Babylon A.D. — An idea that went from good, to bad, to decent.

I had my eye on this movie since its late production stages.  My nerdom is cyberpunk.  It always has and will be; sadly, it’s one of the worst ones to subscribe to.  The reason for this is because it’s so damn niche.  What’s even worse?  Usually those niche things, when they are released on the market, end up being sealed away in the Crap Vault for eternity; honestly, I thought this was what happened to this movie.  When it came out in theaters, I practically wanted to cry because of all the terrible reviews that rolled in and I typically agree with critics.  Back in 2008, cyberpunk was pretty much declared a dead genre (though it’s slowly being re-resuscitated today) .  The last good cyberpunk flick during that time was probably A Scanner Darkly (2006).  Everything else was either b-rate or hard to get a hold of.  The Gene Generation, though intriguing in concept, was the ultimate in cyberpunk cheese.  The other film, Sleep Dealer, you could only see if you went to one of the film fests it showed at (and maybe an indie theater, neither of which I had access to when it was released).  Babylon A.D. was the only “mainstream” one since ’06.  As you can see, being part of a niche can either really suck or be really rewarding.  Luckily the extended cut of this movie does not belong in the aforementioned Crap Vault.

“DEUCES IS WILD, IT’S A TRIPLE THREAT”

I had access to the DVD that featured the theatrical and extended cut.  I watched both.  One of the major things that the extended cut has over the theatrical is character development.  Honestly, if you saw the theatrical before watching the extended (I did it the other way around), this movie does not make a lick of sense.  Vin Diesel’s character just seems to be some sort of bro biggot, Aurora (the girl he has to protect) appears to be more trouble than she’s worth, and the whole general plot line is far off course than what was intended.  If there is a lesson to be learned, it’s that editing can make a world of difference when it comes to plot and story.

This is what I look like when I critique things… or give life advice.

The theatrical cut’s story makes no sense.  It only makes a little bit if you see the extended first but still, it barely will.  I’d spoil the movie if I were to go into it deeper.  The true version is best compared to a mix between The Fifth Element, Children of Men, and a smidgen of Blade Runner.  Granted that even the extended cut is nowhere near as good as these movies, it definitely takes the first two’s “on the run” elements and draws that sense of mystery and worry the latter brings.  Clearly the director knew what made these three classics great.  The producer?  Not so much.  Though, I don’t think someone who was the mastermind behind Lawnmower Man 2 really has the say on what makes a sci-fi movie good; especially since the rest of his IMDb page consists of romances and historical flicks.  I don’t have anything against the guy but this isn’t a movie he should have touched.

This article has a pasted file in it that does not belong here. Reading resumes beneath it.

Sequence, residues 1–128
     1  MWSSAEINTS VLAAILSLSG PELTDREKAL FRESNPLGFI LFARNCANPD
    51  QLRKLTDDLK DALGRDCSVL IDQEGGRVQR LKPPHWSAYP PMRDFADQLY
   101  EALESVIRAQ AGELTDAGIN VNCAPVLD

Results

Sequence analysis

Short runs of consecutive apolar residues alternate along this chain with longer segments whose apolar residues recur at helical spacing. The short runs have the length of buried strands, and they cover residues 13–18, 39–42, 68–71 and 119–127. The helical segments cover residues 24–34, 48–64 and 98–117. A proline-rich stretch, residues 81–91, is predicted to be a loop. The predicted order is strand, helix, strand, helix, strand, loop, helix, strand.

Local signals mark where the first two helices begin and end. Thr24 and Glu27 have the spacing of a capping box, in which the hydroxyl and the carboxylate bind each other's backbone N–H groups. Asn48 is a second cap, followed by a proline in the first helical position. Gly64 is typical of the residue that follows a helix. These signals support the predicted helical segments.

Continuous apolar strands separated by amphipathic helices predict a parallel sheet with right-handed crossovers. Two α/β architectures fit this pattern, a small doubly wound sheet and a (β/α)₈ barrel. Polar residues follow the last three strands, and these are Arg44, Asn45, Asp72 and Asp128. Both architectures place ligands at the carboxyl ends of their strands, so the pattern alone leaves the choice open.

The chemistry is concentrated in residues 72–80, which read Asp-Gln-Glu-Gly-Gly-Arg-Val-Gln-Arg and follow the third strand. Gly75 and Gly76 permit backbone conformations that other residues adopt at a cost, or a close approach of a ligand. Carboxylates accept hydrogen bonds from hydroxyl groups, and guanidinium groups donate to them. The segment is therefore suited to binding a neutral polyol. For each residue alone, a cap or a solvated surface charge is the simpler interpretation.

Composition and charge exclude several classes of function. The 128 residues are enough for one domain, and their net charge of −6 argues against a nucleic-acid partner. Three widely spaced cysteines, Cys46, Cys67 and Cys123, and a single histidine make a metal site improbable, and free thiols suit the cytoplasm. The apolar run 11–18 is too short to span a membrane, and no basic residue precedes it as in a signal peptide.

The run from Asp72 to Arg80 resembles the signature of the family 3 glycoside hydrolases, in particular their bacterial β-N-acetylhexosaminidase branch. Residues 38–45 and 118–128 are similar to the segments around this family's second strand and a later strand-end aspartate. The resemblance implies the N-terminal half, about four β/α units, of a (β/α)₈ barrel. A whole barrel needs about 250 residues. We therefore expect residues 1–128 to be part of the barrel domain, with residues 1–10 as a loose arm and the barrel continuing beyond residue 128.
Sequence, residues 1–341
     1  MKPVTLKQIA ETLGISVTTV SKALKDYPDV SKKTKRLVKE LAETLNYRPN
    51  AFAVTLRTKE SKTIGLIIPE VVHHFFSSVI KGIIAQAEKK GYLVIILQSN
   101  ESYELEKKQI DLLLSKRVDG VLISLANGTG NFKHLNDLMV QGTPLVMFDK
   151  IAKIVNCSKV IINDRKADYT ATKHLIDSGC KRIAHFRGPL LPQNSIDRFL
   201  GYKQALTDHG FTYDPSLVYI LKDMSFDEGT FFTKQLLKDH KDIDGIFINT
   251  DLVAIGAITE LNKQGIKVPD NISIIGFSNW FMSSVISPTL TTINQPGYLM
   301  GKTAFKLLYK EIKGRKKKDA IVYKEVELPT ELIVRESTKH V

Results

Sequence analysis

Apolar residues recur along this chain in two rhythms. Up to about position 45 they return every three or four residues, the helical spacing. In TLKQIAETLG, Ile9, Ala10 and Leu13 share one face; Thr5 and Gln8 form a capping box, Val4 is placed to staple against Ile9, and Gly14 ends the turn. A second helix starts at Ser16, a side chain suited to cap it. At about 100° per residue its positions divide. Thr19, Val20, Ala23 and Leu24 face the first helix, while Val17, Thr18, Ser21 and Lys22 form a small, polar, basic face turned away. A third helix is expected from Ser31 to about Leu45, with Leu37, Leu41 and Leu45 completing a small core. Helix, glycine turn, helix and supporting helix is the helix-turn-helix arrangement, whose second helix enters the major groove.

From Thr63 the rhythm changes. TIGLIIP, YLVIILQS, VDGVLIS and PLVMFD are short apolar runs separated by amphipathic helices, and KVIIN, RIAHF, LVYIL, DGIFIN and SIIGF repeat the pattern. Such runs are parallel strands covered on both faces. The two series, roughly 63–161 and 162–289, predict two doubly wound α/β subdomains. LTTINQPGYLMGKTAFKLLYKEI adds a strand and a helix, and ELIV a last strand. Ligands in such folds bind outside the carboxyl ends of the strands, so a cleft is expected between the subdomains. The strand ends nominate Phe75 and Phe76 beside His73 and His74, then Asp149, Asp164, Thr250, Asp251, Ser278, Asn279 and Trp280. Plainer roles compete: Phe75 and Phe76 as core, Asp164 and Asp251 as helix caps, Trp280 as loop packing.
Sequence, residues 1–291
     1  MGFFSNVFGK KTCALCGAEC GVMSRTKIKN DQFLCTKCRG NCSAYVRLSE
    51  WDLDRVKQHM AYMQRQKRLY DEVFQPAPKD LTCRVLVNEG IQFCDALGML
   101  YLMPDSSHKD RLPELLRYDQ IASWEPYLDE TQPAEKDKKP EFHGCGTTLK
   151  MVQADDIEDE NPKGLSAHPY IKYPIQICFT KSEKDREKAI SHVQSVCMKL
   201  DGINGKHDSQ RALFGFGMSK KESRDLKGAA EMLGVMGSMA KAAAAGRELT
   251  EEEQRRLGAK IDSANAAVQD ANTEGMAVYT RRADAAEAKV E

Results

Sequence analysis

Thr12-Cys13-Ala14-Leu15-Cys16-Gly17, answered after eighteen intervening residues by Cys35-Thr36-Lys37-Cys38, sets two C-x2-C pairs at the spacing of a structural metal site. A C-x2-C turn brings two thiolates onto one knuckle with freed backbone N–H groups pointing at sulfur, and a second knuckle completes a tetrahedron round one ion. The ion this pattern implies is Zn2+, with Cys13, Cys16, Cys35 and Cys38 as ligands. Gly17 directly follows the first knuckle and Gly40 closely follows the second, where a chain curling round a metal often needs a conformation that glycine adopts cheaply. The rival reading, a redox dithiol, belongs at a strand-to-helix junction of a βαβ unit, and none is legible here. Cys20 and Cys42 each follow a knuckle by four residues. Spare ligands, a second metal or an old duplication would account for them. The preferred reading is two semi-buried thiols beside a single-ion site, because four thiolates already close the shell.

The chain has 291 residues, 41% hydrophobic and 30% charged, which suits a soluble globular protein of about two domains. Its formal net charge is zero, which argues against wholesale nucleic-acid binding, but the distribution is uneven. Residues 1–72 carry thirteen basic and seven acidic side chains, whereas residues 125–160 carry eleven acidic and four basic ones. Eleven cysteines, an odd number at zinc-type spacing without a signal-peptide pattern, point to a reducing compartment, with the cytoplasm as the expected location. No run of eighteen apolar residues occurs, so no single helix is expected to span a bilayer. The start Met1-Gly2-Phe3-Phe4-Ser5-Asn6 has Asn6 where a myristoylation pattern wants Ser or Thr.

Everything looks pretty with filters.
 
In the end, I have to say the extended cut is definitely worth checking out if cyberpunk and dystopian sci-fi are your genres of choice.  As a film (the extended cut) overall?  It’s okay.  Not great but not bad either.  It’s entertaining, a lot of colorful eye candy.  Some of the actions scenes are silly and out of place; I have a feeling those had a lot to do with the producer.  Granted they were required for the story but, compared to the slight level of subtlety in the extended version, it would be too expensive to reshoot them just for it.  That is one of the faults I have to give Babylon A.D. leeway on.  Though, there is one over-the-top action scene featured in the extended version that would have fit better in the theatrical (you’ll know it when you see it).  Thinking back, it was probably used for Aurora’s character development.  But even then, there were still some parts of it that didn’t involve her but maybe they just needed extra footage so it could be referred to as the “extended” cut.  The production of movies always has some mystery behind it.  Sadly, I think audiences will be left in the dark on this one.

What would go great with this (Extended Cut)?

Serve with…
Pasta alla Vodka

Accommodating beverage…
Tall, cool bottle of Baltika 8 beer.

What would go great with this (Theatrical Cut)?

Serve with…
Saltines.  Too bad, you have to starve through the whole thing.

Accommodating beverage…
McCormick Vodka.  A movie like this is hangover inducing, like cheap liquor.

Extended Cut Rating (I’m not bothering with the other one):

Critic Value: 7/10

Unlike the butchered theatrical cut, this version really plays with the thought of theocracy embracing technocracy to push their doctrines.  It’s not entirely apparent at first but the movie does leave you thinking.

Quality Value: 8/10

Once again, putting the ruined version aside, this film was well done all around.  From character development, to story, to cinematography and casting.  This film shows its budget.

Entertainment Value: 8/10

Time definitely flies by in this movie.  It’s visually engaging and the character connections will  get the audience caught in its web.

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About alexb289

I'm a film hobbyist first, critic second.

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